Let’s say you stop in to an unfamiliar coffee shop and ask for a cappuccino. The barista behind the counter is not only surly and rude but slower than Christmas and, when you finally get your order, it’s a latte. And it’s cold.
However, as you’ve had plenty of time to notice, the shop advertises that it donates 15% of its profits to an organization that’s working on saving the rainforest. Do you a) overlook the lousy service? Or b) vow never to return and to tell your friends how bad it is?
If saving the rainforest is a cause you care about, you probably answered a). At least, that’s one conclusion of a new study in the Journal of Public Policy & Marketing. “When firms support good causes, they accrue moral capital and create a reservoir of goodwill,” says Jeff Joireman, an associate professor of marketing at Washington State University who led the research project.
That goodwill makes people much more inclined to put up with even truly abysmal customer service, the study found, and to refrain from spreading negative buzz about the business. What’s more, customers are most likely to put up with ill treatment when they get to choose which worthy cause their purchase will help.
The researchers conducted two experiments on volunteers who were first tested to find out how high (or low) they scored on concern for the environment. Then, the group was split into three smaller groups and told either that the hypothetical shop, called The Coffee Bean, gave 15% of its profits to environmental causes, that it donated 2%, or they were told nothing. Everyone was kept waiting an inordinately long time for their coffee, and then given the wrong kind.
Without fail, “customers” who scored high on concern for the planet and who were told about the shop’s support for the environment were far less angry than anyone else. Moreover, those who thought the shop donated 15% were the most forgiving and told researchers they might return in the future despite the crummy service. Some even “expressed guilt at the thought of harming” the coffee shop by badmouthing it to others, the study says.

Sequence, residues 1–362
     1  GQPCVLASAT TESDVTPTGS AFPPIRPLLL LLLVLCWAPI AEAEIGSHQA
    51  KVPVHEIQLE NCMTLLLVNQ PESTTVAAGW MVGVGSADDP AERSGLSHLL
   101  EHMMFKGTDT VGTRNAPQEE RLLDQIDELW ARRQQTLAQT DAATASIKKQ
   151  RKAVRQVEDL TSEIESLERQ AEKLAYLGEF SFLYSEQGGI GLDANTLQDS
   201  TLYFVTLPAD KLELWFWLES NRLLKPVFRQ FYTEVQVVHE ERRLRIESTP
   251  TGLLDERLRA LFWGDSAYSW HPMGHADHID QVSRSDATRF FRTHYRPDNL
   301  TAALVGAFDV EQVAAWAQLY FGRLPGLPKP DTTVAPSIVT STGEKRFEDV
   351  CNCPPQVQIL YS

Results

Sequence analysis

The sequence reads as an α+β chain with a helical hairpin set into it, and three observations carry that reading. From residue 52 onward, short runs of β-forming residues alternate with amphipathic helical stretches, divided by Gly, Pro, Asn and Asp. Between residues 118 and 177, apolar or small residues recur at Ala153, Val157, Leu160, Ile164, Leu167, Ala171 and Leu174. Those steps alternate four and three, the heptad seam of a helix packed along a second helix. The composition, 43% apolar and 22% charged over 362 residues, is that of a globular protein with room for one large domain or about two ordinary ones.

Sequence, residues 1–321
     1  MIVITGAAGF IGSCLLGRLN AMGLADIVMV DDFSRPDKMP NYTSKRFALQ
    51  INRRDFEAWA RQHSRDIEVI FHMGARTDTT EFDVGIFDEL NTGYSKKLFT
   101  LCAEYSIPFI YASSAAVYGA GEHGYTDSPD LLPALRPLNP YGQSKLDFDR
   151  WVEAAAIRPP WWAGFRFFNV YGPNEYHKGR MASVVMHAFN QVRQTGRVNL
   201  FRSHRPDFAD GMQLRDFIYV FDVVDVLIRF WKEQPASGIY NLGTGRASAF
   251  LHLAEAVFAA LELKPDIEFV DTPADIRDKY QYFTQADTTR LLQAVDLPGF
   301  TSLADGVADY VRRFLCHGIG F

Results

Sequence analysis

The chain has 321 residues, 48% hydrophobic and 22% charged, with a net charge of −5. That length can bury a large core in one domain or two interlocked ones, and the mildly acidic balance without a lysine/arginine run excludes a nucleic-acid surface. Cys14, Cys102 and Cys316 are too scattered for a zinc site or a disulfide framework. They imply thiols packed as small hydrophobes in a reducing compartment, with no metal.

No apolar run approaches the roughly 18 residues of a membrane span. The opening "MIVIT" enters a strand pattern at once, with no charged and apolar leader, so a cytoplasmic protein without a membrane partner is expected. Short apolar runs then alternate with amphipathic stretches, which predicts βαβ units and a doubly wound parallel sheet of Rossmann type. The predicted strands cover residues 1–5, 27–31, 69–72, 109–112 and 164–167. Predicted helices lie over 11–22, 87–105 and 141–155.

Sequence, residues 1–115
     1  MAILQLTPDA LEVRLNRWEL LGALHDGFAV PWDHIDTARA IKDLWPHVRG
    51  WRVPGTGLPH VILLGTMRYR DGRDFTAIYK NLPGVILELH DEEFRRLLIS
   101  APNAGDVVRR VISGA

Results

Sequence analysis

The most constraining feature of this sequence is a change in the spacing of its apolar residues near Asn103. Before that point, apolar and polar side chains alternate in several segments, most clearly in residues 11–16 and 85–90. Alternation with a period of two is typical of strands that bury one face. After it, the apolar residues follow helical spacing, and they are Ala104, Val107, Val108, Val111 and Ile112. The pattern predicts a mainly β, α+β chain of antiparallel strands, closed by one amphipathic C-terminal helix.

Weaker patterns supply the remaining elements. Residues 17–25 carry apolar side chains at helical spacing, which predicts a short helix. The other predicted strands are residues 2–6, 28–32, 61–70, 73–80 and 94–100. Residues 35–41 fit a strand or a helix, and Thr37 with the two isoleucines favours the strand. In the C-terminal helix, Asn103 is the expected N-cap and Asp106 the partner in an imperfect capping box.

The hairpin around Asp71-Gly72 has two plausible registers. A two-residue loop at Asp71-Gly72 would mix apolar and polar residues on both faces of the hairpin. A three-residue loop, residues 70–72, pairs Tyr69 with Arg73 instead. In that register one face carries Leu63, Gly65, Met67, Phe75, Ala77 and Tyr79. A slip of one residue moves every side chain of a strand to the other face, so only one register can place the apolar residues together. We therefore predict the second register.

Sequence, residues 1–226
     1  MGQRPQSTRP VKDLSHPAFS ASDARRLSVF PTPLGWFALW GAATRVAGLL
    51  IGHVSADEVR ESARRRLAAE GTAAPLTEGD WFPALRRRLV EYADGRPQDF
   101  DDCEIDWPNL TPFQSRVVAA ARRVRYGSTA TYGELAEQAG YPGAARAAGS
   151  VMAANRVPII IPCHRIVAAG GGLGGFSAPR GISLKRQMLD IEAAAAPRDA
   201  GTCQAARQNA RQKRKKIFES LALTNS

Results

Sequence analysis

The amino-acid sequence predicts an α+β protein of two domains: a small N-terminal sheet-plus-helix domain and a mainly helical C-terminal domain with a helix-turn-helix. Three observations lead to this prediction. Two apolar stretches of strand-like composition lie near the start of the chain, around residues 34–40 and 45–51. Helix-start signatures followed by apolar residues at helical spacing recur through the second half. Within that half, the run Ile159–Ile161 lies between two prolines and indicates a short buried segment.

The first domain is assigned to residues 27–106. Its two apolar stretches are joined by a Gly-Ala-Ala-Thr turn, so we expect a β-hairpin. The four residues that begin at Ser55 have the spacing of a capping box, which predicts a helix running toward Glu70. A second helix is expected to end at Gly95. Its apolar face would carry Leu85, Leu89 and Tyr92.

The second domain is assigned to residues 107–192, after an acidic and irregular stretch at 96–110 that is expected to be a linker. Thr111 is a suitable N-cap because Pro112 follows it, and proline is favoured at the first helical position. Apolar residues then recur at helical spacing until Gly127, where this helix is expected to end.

Researchers noticed that the volunteers who had scored lowest on concern for the environment were the most outraged over the bad service they received and the most inclined to spread negative word of mouth about it. “We saw a backlash from those customers,” Joireman notes, “because of the mismatch between the company’s values and their own.”
So the second part of the study was designed to cut down on the possibility of such a mismatch. Joireman’s team told one group that a percentage of their purchase would go to saving the planet. A second group was given a choice of four different worthy causes, just one of which was “green”; the other three were medical and civic charities. As with the first experiment, a third group heard nothing.
This time, the people who were allowed to choose a charity were by far the most tolerant of shabby treatment, expressing “markedly less anger than anyone else about the bad service, and an even greater reluctance to say anything negative about the business,” Joireman says.
“The implication for marketers is clear. Instead of trying to guess which one cause the most customers will get behind, give them a choice,” he adds. “Even when it comes to good deeds, people love choice.”